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Chapter 12. Setting Up Tables

Chapter 12. Setting Up Tables

Before table functionality was added to HTML, all images and text aligned on the left side of a Web page by default. Originally, tables were used to simplify presenting tabular data, such as scientific reports (Figure 12.1), but clever designers quickly realized that tables could also be used to increase their design options (Figure 12.2). You can create complex table layouts for entire-page designs.

Figure 12.1. HTML tables can be used to create all kinds of data tables.

Figure 12.2. With a little imagination, you can use tables to replicate nearly any layout you can make with page layout programs such as Quark or PageMaker.

Like the mailboxes that line the wall at the post office, each individual cubbyhole, called a cell, holds discrete information that doesn't ooze over into the other boxes. As you can see in Figure 12.3 on the next page, tables are divided into rows, which cross the table horizontally, and columns, which span the table vertically.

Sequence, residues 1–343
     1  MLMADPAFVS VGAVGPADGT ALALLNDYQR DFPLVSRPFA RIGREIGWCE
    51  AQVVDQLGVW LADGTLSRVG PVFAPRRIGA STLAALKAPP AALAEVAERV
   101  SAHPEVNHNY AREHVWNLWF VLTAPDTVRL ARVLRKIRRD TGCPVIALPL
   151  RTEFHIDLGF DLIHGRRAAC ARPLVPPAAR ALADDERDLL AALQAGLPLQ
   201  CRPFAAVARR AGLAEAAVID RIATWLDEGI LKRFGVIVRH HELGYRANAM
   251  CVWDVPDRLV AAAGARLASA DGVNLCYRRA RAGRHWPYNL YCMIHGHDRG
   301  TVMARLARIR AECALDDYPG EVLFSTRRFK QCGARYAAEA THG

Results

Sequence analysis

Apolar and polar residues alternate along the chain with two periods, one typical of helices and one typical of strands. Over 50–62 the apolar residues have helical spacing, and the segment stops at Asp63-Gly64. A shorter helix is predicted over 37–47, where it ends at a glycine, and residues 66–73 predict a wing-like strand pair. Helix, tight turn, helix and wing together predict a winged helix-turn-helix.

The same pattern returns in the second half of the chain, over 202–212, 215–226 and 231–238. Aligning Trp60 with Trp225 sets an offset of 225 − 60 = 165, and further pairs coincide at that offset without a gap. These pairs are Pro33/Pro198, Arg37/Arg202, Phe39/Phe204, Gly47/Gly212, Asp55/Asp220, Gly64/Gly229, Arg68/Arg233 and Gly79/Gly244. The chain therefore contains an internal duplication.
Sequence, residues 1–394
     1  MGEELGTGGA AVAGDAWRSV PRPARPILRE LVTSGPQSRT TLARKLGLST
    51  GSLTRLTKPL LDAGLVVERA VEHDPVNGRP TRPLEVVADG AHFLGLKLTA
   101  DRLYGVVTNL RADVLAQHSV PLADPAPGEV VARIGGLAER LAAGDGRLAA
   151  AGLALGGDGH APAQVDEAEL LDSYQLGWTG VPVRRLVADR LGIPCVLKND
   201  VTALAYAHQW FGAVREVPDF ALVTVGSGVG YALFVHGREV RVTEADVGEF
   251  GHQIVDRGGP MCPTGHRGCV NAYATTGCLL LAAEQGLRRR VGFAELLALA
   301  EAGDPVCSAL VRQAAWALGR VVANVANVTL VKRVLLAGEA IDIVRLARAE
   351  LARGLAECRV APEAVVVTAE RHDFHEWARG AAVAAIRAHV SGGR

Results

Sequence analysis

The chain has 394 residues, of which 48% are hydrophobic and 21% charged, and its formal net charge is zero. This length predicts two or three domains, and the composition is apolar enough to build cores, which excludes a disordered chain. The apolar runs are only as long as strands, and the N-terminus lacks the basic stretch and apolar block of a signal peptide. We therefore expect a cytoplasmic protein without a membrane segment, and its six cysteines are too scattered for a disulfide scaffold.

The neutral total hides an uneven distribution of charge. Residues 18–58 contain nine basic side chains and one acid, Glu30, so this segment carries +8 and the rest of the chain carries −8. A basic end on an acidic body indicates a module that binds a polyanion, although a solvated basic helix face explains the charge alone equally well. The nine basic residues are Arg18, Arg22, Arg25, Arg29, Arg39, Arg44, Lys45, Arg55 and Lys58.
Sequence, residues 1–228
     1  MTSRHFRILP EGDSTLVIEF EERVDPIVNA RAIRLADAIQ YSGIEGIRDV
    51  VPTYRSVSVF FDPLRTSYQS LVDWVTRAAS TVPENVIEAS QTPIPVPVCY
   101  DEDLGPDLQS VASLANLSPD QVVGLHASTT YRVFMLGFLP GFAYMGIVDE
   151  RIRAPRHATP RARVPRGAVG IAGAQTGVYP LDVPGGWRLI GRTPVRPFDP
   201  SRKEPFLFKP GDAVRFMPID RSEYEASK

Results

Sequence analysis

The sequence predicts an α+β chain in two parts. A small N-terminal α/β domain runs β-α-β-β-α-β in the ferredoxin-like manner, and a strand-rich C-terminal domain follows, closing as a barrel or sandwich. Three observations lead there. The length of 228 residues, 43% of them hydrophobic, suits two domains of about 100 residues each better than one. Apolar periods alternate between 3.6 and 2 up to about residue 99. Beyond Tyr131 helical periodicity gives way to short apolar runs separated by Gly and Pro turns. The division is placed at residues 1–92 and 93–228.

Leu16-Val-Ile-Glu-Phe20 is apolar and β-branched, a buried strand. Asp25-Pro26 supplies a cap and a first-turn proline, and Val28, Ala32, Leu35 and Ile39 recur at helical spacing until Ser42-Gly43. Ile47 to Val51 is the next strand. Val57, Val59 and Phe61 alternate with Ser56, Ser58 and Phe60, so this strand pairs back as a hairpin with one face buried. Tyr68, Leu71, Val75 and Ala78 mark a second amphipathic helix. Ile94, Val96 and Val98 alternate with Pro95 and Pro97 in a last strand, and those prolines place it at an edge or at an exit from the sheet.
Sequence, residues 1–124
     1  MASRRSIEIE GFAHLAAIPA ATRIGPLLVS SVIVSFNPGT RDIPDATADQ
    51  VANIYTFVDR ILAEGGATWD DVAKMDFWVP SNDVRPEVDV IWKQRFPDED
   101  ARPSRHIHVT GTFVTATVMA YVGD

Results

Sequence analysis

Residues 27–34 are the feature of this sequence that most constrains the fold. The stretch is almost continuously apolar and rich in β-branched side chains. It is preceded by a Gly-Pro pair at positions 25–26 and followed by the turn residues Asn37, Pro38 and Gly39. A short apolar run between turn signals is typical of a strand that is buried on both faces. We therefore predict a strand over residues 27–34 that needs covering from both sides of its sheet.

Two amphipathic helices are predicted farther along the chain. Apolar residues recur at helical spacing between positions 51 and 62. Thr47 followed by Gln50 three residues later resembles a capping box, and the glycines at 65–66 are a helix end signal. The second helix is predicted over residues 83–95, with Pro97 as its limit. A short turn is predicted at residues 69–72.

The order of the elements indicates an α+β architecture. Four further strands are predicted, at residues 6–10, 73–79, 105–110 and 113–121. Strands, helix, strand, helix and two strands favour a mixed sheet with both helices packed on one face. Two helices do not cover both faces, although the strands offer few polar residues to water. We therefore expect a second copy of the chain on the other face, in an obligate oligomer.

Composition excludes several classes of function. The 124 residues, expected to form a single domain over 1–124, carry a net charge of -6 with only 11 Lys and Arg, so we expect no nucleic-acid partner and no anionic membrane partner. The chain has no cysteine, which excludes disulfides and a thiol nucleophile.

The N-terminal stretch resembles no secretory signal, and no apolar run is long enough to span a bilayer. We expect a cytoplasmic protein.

Hand-coding a table is tiresome at best. In fact, tables are probably the most convenient feature of most WYSIWYG Web page creation programs, although many of these tools code tables rather sloppily—not so with Macromedia Dreamweaver.

Dreamweaver 4 offers a new feature called Layout View that lets you actually draw tables and table cells on a page, exactly where you want them to go. The program then fills in the rest of the columns and rows to space out the page. Once you have this basic layout, you can add, resize, and move around the elements on the page.



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